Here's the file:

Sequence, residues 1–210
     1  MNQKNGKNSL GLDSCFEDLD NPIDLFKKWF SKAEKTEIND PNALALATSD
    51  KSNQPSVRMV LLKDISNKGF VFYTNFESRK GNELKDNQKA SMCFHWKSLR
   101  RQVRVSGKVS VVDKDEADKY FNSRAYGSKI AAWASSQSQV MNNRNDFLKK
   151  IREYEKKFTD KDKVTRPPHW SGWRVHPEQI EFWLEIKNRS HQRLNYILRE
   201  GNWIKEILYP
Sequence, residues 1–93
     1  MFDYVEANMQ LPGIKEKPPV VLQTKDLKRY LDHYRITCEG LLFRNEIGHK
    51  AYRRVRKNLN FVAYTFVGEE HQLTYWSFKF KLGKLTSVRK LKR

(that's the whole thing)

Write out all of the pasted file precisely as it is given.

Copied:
Sequence, residues 1–210
     1  MNQKNGKNSL GLDSCFEDLD NPIDLFKKWF SKAEKTEIND PNALALATSD
    51  KSNQPSVRMV LLKDISNKGF VFYTNFESRK GNELKDNQKA SMCFHWKSLR
   101  RQVRVSGKVS VVDKDEADKY FNSRAYGSKI AAWASSQSQV MNNRNDFLKK
   151  IREYEKKFTD KDKVTRPPHW SGWRVHPEQI EFWLEIKNRS HQRLNYILRE
   201  GNWIKEILYP
Sequence, residues 1–93
     1  MFDYVEANMQ LPGIKEKPPV VLQTKDLKRY LDHYRITCEG LLFRNEIGHK
    51  AYRRVRKNLN FVAYTFVGEE HQLTYWSFKF KLGKLTSVRK LKR